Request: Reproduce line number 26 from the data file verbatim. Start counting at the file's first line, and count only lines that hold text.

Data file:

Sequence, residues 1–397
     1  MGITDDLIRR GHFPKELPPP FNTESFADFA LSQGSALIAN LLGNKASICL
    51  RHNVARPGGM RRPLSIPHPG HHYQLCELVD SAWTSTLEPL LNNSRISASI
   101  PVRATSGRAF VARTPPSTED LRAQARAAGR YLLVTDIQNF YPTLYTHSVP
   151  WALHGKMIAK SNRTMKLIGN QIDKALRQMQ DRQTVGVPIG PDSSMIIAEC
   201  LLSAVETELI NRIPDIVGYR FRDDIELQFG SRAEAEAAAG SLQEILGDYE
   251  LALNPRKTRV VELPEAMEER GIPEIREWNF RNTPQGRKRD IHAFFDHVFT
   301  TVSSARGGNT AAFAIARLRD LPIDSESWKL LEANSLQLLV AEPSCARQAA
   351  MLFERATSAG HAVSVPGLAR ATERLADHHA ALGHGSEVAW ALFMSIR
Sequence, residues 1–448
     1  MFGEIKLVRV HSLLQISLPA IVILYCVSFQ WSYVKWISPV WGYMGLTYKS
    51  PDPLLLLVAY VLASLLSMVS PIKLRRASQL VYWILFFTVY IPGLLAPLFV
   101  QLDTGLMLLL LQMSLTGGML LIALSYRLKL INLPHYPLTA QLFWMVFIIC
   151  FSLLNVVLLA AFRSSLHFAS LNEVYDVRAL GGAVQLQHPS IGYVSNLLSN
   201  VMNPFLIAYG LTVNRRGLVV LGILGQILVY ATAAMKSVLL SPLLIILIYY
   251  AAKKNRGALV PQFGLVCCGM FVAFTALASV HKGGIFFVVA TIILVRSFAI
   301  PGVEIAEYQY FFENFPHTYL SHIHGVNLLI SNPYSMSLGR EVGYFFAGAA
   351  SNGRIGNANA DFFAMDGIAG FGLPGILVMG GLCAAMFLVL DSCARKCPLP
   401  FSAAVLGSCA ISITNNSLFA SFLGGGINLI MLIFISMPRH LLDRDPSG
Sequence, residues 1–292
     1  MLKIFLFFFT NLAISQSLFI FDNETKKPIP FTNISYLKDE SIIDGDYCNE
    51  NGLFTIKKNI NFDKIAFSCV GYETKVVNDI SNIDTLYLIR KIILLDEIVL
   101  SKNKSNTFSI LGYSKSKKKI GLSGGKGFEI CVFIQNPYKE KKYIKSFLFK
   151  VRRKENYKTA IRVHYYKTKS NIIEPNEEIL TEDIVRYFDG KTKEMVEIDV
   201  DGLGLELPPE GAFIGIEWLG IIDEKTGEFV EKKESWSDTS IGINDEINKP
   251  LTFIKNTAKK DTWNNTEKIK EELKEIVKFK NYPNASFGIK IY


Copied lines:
   251  LTFIKNTAKK DTWNNTEKIK EELKEIVKFK NYPNASFGIK IY